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The Good Life – being entirely self-sufficient – has been a dream for decades. But whether you’re pursuing Tom and Barbara’s 70s hippy vision or something altogether more millennial where do you start when it comes to growing your own and turning green fingers into a great life?
If you’re lucky enough to have a fairly sizeable back garden then you’re off to a great start. If you don’t then there’s always an allotment. The idea of an allotment is that you’re allocated a patch of land that you can use to grow. Applications for allotments are made through the local council (search your local council website for details) and availability varies wildly from city to city. Most plots usually come in at between 100 and 300 square metres and will be located with other allotments managed by other local residents. The cost of renting an allotment is low – around £10 per year outside of London. The only complication with allotments is that, in areas where they are very popular, you could be on a waiting list for years.
What you choose to grow really depends on the reasons you’re growing it. If you’re purely looking to feed yourself and your family then opt for the fruit and/or vegetables that everyone likes to eat. If home growing is a money-saving exercise then start with the vegetables and fruit that you eat the most, which are the most expensive to buy.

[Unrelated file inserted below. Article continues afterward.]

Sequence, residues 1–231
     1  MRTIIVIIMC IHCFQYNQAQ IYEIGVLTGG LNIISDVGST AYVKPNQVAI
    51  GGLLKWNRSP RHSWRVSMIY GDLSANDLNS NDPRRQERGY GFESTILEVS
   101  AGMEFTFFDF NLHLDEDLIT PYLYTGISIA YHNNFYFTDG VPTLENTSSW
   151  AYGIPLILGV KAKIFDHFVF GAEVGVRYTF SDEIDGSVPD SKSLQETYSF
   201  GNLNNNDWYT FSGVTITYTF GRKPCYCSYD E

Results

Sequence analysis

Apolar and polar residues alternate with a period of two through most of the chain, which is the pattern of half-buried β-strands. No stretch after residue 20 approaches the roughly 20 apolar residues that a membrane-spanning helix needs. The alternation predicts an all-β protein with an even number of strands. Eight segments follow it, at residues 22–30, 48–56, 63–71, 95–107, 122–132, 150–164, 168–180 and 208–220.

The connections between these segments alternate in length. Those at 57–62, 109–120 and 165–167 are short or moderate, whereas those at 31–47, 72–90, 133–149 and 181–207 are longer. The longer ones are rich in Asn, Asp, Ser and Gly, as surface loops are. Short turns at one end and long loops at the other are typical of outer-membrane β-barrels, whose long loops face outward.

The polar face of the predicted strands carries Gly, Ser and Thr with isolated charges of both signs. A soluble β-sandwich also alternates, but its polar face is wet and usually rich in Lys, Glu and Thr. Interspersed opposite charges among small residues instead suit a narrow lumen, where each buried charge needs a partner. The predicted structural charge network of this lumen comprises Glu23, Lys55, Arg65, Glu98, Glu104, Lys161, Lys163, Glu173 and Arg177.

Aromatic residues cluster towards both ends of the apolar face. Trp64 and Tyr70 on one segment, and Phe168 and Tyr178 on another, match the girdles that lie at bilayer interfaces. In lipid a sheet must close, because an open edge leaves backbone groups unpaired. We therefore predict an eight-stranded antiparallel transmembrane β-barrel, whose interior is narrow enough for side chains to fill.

If you find you’ve got a surplus of what you’re growing then selling it on can bring in some useful extra cash. Farmers markets, local markets, businesses such as cafes and restaurants, festivals, fetes and even car boot sales provide plenty of opportunities to turn a profit from your veg. There are also online resources to help you sell, including BigBarn, which connects customers with independent food retailers and producers. It’s worth remembering that if you’re making income from what you’re growing and selling there could be a requirement to pay tax on it. If you’re an occasional seller then you don’t need a food hygiene certificate but what you’re selling must be safe.
Keeping hens is the ultimate smallholder dream and has many benefits, from daily fresh eggs to the odd roast chicken. There are no laws that stop you from keeping chickens at home but make sure you check your property deeds or speak to the landlord as there may be a rule against ‘livestock.’ If you’re keeping chickens for the first time it’s also worth bearing in mind that their coop will need weekly cleaning/mucking out, they have a tendency to run really fast (away) and if they’re bored they will peck each other.
If what appeals to you about the Good Life is just good old fashion hard work with your hands and the soil then you already have everything you need. However, there are also some handy gadgets out there that will boost what you’re able to grow – here are four particularly useful options.
Alex Hartley is a keen advocate of improving personal finance skills. She's worked at Solution Loans since 2014 and written hundreds of articles about how people can manage their money better. Her interest in personal finance goes way back to...Read about Alex Hartley
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